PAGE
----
So how should we behave in the poorly integrated bike/car traffic patterns of the Good ol’ US of A? Yes even in the ‘bikers paradise’ of Portland it still could be better, a lot better in my opinion. The fact is the pace of traffic need to be changed along with the mentality of those on the road. I’ve made more of an effort to remedy this in the past year. Slow down. That’s my mantra. It’s as simple as that. Slower is safer. Slower is more relaxing, less sweaty ( ewww!) and slower is nicer to those around you. Where do I see myself going with this attitude? I’m not entirely sure, but at least it will be at a leisurely pace.

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Friday, June 15, 2007

Continuous and Integral

An interesting article on Groningen, Netherlands and how they have woven their bicycle infrastructure into the fabric of the city. Over 57% of all trips are made by bicycle in this student town in the North of the Netherlands. Even in the Netherlands, Groningen is a shining example of bike-ablity.
Josh Hart has posted a first person observation of the city on his Car Free Blog "On the Level". In his post Josh says "By prioritizing cycle traffic over cars, the Dutch engineers have managed to balance the roadway’s playing field and allow a blossoming of bicycle transport as a practical network useable by just about everyone. " The city planners in Groningen have been able to achieve this through what they call a system that is "continuous and integral". Josh reports that many of the problems we have come to expect are being addressed. He says the city treats cyclists with respect– they create a network of cycling lanes and paths that never just end suddenly, as is common in the US. There are entire housing developments that are built along major bicycle and scooter “roadways,” massive bike parks everywhere, many roads that are one way for cars but two way for bikes, and special signal phases for bikes.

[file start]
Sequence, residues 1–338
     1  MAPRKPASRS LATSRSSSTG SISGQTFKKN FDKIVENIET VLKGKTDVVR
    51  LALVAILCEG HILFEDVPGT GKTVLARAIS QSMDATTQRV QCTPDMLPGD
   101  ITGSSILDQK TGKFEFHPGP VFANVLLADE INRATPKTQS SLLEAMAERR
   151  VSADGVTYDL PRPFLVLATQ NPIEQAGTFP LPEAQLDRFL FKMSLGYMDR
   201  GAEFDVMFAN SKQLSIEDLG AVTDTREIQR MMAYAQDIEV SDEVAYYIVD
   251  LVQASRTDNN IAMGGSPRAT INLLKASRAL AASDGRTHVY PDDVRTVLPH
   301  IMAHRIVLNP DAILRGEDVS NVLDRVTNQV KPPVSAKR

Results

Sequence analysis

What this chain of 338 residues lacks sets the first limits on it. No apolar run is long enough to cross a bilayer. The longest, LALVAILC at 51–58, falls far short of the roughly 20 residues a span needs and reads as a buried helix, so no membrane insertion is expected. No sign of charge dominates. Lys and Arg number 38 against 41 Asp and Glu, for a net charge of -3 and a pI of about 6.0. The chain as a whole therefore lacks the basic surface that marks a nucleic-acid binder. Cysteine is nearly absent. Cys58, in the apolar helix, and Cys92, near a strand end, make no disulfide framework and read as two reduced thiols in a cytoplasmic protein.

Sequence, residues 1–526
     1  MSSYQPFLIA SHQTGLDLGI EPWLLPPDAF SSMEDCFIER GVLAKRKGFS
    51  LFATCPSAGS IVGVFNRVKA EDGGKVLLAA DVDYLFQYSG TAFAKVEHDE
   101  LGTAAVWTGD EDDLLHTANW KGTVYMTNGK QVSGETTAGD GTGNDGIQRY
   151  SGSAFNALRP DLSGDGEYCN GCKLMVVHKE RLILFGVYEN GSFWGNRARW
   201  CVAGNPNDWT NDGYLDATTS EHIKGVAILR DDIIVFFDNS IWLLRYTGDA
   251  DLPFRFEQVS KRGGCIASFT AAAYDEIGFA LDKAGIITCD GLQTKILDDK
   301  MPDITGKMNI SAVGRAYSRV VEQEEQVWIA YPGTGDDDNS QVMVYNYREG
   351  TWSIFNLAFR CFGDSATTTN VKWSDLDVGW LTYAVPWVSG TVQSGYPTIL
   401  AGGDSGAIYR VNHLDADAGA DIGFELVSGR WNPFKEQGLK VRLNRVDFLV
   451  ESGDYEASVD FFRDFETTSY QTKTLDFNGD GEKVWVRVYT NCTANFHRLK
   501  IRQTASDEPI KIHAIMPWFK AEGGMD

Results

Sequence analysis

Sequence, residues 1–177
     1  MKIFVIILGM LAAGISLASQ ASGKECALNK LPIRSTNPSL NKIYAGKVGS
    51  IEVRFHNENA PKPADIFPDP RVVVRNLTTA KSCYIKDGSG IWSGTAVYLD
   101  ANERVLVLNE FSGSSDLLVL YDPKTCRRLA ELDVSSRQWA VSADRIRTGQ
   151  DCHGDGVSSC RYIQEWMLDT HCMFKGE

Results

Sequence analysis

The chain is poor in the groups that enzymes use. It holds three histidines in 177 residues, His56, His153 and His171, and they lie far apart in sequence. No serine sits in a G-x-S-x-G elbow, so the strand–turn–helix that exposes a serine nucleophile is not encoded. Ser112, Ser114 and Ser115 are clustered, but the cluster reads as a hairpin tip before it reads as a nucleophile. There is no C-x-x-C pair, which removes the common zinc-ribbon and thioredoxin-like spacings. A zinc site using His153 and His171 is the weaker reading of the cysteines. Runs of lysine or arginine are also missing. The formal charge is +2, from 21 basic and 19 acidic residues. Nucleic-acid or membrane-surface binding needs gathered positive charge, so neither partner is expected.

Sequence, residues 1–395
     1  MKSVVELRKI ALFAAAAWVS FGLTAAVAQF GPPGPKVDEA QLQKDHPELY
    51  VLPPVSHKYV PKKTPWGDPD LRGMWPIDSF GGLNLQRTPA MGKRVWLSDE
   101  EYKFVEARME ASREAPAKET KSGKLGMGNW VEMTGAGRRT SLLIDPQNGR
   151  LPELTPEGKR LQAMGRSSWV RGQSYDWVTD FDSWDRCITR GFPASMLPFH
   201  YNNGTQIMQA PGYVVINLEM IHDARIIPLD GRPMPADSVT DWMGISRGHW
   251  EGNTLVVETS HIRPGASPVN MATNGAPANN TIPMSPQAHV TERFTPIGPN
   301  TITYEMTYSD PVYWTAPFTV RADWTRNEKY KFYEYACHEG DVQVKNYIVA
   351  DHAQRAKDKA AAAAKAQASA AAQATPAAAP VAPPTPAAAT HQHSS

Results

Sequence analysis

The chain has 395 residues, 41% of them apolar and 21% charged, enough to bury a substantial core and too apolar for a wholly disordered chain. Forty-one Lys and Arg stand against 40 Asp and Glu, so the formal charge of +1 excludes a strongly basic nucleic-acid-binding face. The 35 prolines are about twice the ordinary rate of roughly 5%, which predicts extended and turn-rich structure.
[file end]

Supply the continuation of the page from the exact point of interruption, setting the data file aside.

We all know that the Dutch are light years ahead of the US when it comes to bike planning, but this article is inspiring. Imagine living in a community based around bike transit...sounds like heaven